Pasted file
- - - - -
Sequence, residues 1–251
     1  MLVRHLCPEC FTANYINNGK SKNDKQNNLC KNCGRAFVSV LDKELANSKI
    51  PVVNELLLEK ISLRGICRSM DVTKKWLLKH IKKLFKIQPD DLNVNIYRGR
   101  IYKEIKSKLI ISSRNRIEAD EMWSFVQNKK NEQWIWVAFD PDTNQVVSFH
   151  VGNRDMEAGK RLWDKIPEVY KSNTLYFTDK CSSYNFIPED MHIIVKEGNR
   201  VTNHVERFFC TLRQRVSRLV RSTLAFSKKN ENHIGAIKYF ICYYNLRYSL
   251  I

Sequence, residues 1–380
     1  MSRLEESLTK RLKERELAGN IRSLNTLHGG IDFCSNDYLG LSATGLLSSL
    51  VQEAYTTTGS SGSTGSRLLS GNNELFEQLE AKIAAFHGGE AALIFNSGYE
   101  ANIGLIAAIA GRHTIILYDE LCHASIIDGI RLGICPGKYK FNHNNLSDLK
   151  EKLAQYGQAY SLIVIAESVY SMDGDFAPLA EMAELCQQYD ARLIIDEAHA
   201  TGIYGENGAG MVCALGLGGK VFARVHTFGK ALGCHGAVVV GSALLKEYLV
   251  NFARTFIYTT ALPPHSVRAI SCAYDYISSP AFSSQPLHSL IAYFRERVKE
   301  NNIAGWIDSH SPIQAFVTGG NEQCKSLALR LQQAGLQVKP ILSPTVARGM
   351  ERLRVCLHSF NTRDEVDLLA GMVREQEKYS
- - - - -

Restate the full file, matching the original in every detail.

Sequence, residues 1–251
     1  MLVRHLCPEC FTANYINNGK SKNDKQNNLC KNCGRAFVSV LDKELANSKI
    51  PVVNELLLEK ISLRGICRSM DVTKKWLLKH IKKLFKIQPD DLNVNIYRGR
   101  IYKEIKSKLI ISSRNRIEAD EMWSFVQNKK NEQWIWVAFD PDTNQVVSFH
   151  VGNRDMEAGK RLWDKIPEVY KSNTLYFTDK CSSYNFIPED MHIIVKEGNR
   201  VTNHVERFFC TLRQRVSRLV RSTLAFSKKN ENHIGAIKYF ICYYNLRYSL
   251  I

Sequence, residues 1–380
     1  MSRLEESLTK RLKERELAGN IRSLNTLHGG IDFCSNDYLG LSATGLLSSL
    51  VQEAYTTTGS SGSTGSRLLS GNNELFEQLE AKIAAFHGGE AALIFNSGYE
   101  ANIGLIAAIA GRHTIILYDE LCHASIIDGI RLGICPGKYK FNHNNLSDLK
   151  EKLAQYGQAY SLIVIAESVY SMDGDFAPLA EMAELCQQYD ARLIIDEAHA
   201  TGIYGENGAG MVCALGLGGK VFARVHTFGK ALGCHGAVVV GSALLKEYLV
   251  NFARTFIYTT ALPPHSVRAI SCAYDYISSP AFSSQPLHSL IAYFRERVKE
   301  NNIAGWIDSH SPIQAFVTGG NEQCKSLALR LQQAGLQVKP ILSPTVARGM
   351  ERLRVCLHSF NTRDEVDLLA GMVREQEKYS